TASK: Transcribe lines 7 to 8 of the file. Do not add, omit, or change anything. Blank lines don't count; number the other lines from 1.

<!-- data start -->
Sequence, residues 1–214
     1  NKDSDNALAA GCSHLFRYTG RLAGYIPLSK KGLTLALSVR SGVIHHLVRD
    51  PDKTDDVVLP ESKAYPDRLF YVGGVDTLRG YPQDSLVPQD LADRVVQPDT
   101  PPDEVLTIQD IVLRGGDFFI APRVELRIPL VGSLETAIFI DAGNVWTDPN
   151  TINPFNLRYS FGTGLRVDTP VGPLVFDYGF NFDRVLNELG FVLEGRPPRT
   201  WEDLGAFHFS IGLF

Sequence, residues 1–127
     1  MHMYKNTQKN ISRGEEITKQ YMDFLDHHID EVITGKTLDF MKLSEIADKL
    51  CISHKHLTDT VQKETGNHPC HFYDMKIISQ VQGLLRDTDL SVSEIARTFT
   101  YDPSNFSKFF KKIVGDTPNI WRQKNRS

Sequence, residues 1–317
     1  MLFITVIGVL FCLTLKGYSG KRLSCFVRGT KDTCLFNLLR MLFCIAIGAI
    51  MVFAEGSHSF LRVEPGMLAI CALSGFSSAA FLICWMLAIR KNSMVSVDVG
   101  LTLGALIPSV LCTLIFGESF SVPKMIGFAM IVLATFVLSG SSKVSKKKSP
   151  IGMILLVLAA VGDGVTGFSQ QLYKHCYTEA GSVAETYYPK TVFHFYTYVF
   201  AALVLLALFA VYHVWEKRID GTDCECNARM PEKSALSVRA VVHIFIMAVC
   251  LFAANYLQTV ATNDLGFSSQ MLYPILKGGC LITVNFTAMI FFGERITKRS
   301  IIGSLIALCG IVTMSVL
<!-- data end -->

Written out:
Sequence, residues 1–127
     1  MHMYKNTQKN ISRGEEITKQ YMDFLDHHID EVITGKTLDF MKLSEIADKL